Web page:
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Kenny Callaghan.
Posted: Tuesday April 3, 2012, 10:44 AM
By Elisa Ung

Secret weapons often hide behind that spread of chicken and ribs, that colorful case of cupcakes, that blistered pizza hot from the oven.

You might not even know it's there, but chefs, bakers and pizza makers frequently turn to a favored ingredient to make their food shine. Read on for some inspiration on how you might also crank up your own cooking.

Organic sugar

Who: Pam Lambert, owner-baker of A' La Cupcakes in Glen Rock.

What: Wholesome Sweeteners evaporated cane organic sugar.

Why: Lambert runs an all-natural bakery and tries to use as many organic products as possible. She prides herself on offering an alternative to refined white sugar, and believes it is more flavorful. "It just has a fresher, finer taste to it."

Where to buy: Available at Target, Costco and some local supermarkets and health shops: check whole somesweeteners.com/store_locator.html#NJ.

Imported flour

Who: Josh Bernstein, executive chef of the upcoming Spuntino Italian tapas and wine bar in Clifton (slated to open later this month).

What: Antico Molino Caputo Tipo OO Flour (sometimes known as "doppio-zero" flour), imported from Naples.

Why: This finely milled flour is widely considered to make a superior pizza crust; Bernstein is using it for Spuntino's Neapolitan-style pizzas. It "makes for a lighter dough, which stretches better and crisps up so nicely. I have been making pizza for a long time, mostly New York-style pizzas. When I came on board to help develop the Spuntino concept ... I had to forget everything I had learned before and start fresh. It was like I had never made a pizza before!"

Where to buy: Available online at amazon.com. Doppio-zero flour is often available at Italian specialty stores — Jerry's Gourmet in Englewood carries a different brand of it.

European-style butter

Who: Andre Schneider, pastry chef and owner of Patisserie St. Michel in Teaneck.

What: Plugrá European-style butter.

Why: European-style butter is lower in moisture and higher in butterfat than conventional butter. It's the key to the lightness to Schneider's famous pastries — particularly his frangipane, his chocolate mousse and his Christmas bûche de noël.

Where to buy: Look for it at upscale specialty shops; it's sometimes in the dairy case of supermarkets.

Fish sauce

Who: K.T. Tran, chef-owner of Simply Vietnamese in Tenafly.

What: Fish sauce.

Why: The classic Southeast Asian condiment is gluten-free, unlike soy sauce or oyster sauce, meaning that Tran can use it to offer gluten-free versions of pad thai, fried rice and other dishes upon request.

Where to buy: Widely available.

Chilies and peppers

Who: Kenny Callaghan, executive chef and partner of the Blue Smoke barbecue restaurants in Manhattan and a Washington Township resident.

What: Chilies and peppers, particularly jalapeños and poblanos.

Why: They add distinctive flavor nuances and various levels of heat to Callaghan's dishes, and allow him to put his mark on classic preparations: he serves fry bread with chipotle butter, filet mignon with chipotle bearnaise and hush puppies with jalapeño marmalade. Chilies are used in all of his barbecue sauces, and he even uses Syrian aleppo pepper in the cocktail sauce served with his oysters on the half shell. He also recommends jalapeño Tabasco sauce and Texas Pete hot sauce for bold flavor.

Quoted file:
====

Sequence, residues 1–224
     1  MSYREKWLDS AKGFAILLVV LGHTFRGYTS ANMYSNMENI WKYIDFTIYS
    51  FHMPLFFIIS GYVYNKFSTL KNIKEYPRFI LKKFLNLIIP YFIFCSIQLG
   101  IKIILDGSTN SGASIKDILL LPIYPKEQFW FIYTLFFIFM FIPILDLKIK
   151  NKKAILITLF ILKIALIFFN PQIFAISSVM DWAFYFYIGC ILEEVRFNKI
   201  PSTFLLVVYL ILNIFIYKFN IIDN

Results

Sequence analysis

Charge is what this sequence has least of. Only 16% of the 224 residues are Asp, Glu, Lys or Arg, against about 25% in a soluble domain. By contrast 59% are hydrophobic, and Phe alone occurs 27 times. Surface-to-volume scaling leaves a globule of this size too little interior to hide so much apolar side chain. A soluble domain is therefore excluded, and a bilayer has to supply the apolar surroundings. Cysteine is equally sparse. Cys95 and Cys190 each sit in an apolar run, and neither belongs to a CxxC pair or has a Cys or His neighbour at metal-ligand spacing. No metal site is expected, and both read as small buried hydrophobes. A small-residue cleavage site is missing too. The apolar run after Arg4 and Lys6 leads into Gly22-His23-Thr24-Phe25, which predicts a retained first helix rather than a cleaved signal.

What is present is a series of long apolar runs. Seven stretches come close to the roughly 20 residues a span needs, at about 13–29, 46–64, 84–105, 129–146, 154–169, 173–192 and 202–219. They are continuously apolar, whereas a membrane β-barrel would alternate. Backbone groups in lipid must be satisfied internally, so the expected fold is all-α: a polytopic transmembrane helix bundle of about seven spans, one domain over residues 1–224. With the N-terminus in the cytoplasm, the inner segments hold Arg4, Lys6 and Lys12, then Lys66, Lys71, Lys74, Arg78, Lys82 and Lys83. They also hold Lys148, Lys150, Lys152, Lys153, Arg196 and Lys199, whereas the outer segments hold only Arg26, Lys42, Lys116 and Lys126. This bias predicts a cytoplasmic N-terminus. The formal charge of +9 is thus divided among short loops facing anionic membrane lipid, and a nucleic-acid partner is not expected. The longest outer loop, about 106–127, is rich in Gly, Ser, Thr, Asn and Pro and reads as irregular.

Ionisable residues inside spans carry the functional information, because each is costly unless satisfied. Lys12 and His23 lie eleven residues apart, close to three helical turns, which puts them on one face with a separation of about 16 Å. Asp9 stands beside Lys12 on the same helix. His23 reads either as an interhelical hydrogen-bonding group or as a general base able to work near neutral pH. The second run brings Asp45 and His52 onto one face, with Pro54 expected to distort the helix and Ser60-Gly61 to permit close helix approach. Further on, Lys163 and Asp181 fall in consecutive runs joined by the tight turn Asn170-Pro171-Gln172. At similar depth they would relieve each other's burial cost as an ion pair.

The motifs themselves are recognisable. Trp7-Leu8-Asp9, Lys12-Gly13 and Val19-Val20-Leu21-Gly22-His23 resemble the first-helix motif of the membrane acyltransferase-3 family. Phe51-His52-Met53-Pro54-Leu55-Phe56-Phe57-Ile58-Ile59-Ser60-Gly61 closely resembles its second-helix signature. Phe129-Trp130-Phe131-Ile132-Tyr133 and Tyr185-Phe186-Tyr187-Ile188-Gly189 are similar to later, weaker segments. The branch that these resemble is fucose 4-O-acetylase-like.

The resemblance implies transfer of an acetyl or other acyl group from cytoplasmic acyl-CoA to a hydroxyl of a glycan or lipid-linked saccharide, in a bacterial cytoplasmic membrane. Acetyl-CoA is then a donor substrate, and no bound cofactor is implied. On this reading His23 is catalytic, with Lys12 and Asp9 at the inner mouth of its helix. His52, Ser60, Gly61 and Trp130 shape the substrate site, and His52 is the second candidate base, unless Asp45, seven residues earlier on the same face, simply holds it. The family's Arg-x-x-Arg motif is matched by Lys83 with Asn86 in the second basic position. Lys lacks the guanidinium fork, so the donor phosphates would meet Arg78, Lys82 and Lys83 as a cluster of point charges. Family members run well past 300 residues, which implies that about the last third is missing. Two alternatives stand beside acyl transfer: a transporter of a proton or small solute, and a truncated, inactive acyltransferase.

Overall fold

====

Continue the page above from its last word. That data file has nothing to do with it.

Where to buy: Generally available at supermarkets.

Lemon confit

Who: Steve Christianson, chef-owner of St. Eve's in Ho-Ho-Kus.

What: Lemon confit.

Why: It's "such a versatile ingredient." Christianson whisks it into vinaigrettes for beef carpaccio, adds it to sorbets and even uses it to flavor his made-in-house citrus-ade soda. He also likes to add it to seared scallop dishes and in the stuffing for whole fish: it lends a "fresh citrus finish that brings out the amazing flavors of seafood." He adds that it "brings out those hidden tastes that let your palate explore food."

How to make: Christianson thinly slices and seeds 10 lemons (when available, he uses Meyers or Sorrentos).He blanches them in boiling water for two minutes, then strains and chills. He then repeats this process two more times before puréeing the lemons in a food processor with 1/2 cup lemon juice. You can keep this in the refrigerator for 4 to 6 weeks.

Dijon mustard

Who: Carlos Valdez, chef-owner of Red Hen Bistro in Wood-Ridge.

What: Dijon mustard (most often Grey Poupon).

Why: "I find that a hint of this condiment can enhance the flavor in simple sauces, or even assist in distinguishing a more complex sauce. It packs the acidity and robust flavor to stand up against the density of a pan roasted fillet of salmon, a perfectly roasted chicken, and a grilled pork chop. When used modestly, Dijon can pair well with more delicate proteins like a scallop, an oyster, or my favorite, skate wing." At the Red Hen, Valdez uses it in the moules frites — Prince Edward Island mussels with spicy chorizo in a light broth made with dijon, shallots and white wine.

Where to buy: Widely available.

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